Michael Bielicky. Perpetuum mobile
ZKM Center for Art and Media Karlsruhe
Karlsruhe | Germany
In his work, the Czech-German artist Michael Bielicky (born in 1954) creates idiosyncratic hybrids that belong simultaneously to both a digital and an analogue world. Technological innovation enters into dialogue with the depths of media history, reaching all the way back to the magical mathematical practices of medieval Kabbalists. Experiences with the avant-garde film and media culture of the 1960s in Prague, where Bielicky grew up, converge with Jewish spirituality in the artist’s reflections on media.
Bielicky’s work deals with the transformation of media technology and its societal, philosophical and political implications; he facilitates critical engagement with the nature of technology, with its material and immaterial meanings, and with their influence on our perceptions and actions. The artist’s studies in the 1980s at the Düsseldorf art academy, where the influence of the Fluxus movement lingered and Nam June Paik and Joseph Beuys were key figures, had a formative influence on his critical and at times ironic stance toward our media present. Along with the influence of his mentor, Nam June Paik, Bielicky’s encounters and lifelong friendships with other media philosophers and artists such as Vilém Flusser, Peter Weibel, Woody Vasulka, Mel Alexenberg, Peter Sloterdijk, Siegfried Zielinski and Norman M. Klein have played a seminal role in his artistic work.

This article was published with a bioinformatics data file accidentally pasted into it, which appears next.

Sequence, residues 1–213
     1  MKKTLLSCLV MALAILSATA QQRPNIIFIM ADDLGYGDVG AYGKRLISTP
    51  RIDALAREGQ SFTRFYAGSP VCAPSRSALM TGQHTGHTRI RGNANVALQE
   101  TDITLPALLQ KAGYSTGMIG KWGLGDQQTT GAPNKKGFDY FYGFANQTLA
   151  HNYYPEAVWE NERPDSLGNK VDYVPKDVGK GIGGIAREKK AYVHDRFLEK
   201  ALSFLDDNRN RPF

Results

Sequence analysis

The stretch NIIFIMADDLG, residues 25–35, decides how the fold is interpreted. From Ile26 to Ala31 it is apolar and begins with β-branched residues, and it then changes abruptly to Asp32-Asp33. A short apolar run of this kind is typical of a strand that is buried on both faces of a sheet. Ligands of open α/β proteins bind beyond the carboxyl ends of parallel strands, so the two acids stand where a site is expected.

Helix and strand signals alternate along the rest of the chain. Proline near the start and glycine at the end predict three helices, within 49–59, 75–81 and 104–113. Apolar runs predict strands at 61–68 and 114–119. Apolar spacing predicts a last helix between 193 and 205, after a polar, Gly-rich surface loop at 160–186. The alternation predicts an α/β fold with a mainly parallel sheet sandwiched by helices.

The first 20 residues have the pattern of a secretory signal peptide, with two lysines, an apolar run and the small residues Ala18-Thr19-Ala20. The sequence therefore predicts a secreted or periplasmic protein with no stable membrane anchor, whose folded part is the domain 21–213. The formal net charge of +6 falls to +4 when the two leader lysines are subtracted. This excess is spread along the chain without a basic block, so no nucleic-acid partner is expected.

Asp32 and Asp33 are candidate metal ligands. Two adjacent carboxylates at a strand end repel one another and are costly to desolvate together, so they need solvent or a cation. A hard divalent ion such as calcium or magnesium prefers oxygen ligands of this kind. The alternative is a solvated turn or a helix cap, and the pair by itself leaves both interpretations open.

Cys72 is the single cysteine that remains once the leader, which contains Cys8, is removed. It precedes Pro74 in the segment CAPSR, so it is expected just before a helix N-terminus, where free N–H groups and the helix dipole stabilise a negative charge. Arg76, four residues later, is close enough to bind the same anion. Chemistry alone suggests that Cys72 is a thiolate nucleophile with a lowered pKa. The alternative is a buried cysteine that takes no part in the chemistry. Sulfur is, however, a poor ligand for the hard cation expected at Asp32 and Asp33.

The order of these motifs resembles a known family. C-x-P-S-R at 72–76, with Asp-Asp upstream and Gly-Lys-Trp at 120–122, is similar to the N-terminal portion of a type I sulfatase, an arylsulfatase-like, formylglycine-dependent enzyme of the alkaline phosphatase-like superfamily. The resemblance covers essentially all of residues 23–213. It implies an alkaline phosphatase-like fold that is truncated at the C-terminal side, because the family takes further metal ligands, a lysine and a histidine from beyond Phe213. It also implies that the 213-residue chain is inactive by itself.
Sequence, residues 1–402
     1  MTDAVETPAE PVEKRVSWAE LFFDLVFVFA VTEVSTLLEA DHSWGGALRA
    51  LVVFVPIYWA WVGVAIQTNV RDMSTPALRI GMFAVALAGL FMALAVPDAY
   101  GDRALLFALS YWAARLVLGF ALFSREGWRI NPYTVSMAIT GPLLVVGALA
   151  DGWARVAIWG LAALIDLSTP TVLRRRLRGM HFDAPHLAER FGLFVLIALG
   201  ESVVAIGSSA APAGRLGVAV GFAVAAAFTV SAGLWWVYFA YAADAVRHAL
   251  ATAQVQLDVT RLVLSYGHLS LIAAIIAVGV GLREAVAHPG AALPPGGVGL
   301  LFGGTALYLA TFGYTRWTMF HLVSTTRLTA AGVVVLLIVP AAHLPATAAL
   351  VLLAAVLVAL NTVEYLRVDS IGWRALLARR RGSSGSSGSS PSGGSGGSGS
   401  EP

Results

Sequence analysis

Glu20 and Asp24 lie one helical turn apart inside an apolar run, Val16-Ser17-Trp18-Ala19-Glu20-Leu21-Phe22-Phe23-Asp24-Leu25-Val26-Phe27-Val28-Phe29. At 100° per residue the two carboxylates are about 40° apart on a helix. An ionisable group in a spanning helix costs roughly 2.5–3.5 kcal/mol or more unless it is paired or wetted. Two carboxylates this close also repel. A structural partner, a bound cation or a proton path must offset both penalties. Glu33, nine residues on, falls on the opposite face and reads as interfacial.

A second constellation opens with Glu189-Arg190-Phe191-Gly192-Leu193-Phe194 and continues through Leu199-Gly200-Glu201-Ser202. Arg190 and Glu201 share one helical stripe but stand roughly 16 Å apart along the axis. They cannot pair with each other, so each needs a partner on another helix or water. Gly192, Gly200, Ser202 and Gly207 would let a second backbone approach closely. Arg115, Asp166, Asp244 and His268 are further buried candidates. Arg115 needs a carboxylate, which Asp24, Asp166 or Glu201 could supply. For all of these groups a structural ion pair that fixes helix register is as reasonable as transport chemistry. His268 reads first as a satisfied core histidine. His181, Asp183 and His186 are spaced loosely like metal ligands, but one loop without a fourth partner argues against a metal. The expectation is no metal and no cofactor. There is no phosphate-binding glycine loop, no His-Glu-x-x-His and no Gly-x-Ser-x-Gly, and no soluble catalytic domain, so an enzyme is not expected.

Michael Bielicky has been working together with the artist Kamila B. Richter (born in 1976) since 2004. The duo coined the term “data-driven narratives” to describe the multi-dimensional works of Internet art that they develop, which deal with the new, non-linear narrative principles of the digital information age. Using dynamic pictograms and integrating real-time data, they create large-format projections that powerfully and experientially treat the ubiquity of data and icons in our algorithmically driven everyday lives. The works provoke both attraction and unease, prompting us to question our own existence in the context of our present-day media ecology.
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